1 April 2019 sees an increase in the minimum wage for all NZ employees.

From today, every single employee must be earning:

  • $17.70 or more, if they are an adult employee
  • $14.16 or more, if they are a starting employee or employee in training.

What this means for you as an employer is that any employee who is currently earning less than these amounts, must, from today, receive an adjustment to their hourly rate which brings their hourly rate to this amount or more.

Example 1: If an employee was previously earning $16.50 per hour as a minimum paid employee, their new rate from today must be no less than $17.70 (a $1.20 per hour increase)

Example 2: if an employee was earning $17.00 per hour (3.03% more than the minimum wage), there is no legal requirement to move the employee to anything other than $17.70. With an eye on employee morale and workplace dynamics, an employer could in the interests of consistency move that employee to $18.236 per hour (3.03% more than the new minimum wage). This is not a legal requirement, however.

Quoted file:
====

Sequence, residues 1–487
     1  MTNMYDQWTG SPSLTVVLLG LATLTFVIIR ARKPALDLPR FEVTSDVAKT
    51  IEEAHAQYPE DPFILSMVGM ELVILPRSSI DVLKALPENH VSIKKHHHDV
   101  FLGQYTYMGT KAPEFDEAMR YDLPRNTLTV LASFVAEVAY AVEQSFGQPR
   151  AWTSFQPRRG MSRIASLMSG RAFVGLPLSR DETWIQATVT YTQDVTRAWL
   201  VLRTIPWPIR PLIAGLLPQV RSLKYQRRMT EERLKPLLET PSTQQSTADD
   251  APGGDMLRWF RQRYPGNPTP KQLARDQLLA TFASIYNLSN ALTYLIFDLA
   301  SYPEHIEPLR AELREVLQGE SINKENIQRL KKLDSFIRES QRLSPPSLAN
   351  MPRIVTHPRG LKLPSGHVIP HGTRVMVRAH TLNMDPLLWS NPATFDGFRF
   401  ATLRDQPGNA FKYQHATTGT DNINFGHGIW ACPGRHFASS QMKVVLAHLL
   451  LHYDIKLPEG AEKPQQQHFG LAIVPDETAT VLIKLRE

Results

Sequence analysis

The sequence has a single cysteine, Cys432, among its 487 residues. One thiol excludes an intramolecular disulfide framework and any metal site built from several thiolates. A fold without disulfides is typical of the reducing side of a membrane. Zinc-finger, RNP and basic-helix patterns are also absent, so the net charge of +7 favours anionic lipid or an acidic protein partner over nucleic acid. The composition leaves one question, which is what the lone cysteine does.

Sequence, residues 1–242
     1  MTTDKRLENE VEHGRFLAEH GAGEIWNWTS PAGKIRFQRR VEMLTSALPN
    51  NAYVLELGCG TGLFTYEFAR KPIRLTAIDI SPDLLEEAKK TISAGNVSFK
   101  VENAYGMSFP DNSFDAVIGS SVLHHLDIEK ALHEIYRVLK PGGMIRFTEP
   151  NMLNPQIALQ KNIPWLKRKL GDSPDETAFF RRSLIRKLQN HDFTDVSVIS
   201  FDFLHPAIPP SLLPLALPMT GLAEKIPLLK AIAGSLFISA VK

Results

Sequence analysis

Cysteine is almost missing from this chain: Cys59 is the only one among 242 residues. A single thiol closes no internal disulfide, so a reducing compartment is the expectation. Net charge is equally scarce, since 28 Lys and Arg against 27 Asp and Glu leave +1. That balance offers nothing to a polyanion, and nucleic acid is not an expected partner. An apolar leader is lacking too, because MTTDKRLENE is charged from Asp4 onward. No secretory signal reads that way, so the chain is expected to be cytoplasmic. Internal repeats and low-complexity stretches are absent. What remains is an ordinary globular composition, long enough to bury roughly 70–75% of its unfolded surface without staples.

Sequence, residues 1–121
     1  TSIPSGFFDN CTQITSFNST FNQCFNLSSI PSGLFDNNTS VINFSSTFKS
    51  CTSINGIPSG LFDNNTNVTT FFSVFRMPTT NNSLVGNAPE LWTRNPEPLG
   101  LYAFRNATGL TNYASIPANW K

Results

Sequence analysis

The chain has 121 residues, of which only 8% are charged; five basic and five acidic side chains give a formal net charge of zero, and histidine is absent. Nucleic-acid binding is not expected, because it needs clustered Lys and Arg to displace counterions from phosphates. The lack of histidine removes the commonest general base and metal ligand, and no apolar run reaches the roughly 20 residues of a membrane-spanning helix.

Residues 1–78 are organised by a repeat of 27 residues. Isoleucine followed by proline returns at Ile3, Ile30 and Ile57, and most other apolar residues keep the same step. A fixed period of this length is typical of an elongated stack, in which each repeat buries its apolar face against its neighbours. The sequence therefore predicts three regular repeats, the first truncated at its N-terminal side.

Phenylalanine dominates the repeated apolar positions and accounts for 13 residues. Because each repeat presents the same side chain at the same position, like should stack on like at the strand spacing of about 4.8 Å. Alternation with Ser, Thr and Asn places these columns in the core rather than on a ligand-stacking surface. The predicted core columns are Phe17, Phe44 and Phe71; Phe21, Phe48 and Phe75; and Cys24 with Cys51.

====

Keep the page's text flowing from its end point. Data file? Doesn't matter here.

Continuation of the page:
Example 3: if an employee is already earning $17.70 or more, there is no legal requirement to make any changes to the employees pay on 1 April. The employer could limit the changes only to those employees earning less than the minimum.

Managing the change

In determining a strategy for these changes, it is important to manage affordability but also to properly understand workforce expectations and manage them proactively. For example, an employee already earning $17.70 who is more experienced than another who suddenly earns the same pay rate, may be resentful or frustrated that their seniority or skill is no longer recognised in comparison to their less experienced/skilled colleague who has benefited from the minimum wage change.

All changes should be applicable from today and appear in the next pay slip received by each employee. It is possible in rare situations to delay the increase (if for example the administrative load makes it impossible to meet the deadline) but affected employees would then entitled to backpay to 1 April. Again, proactive communication is recommended.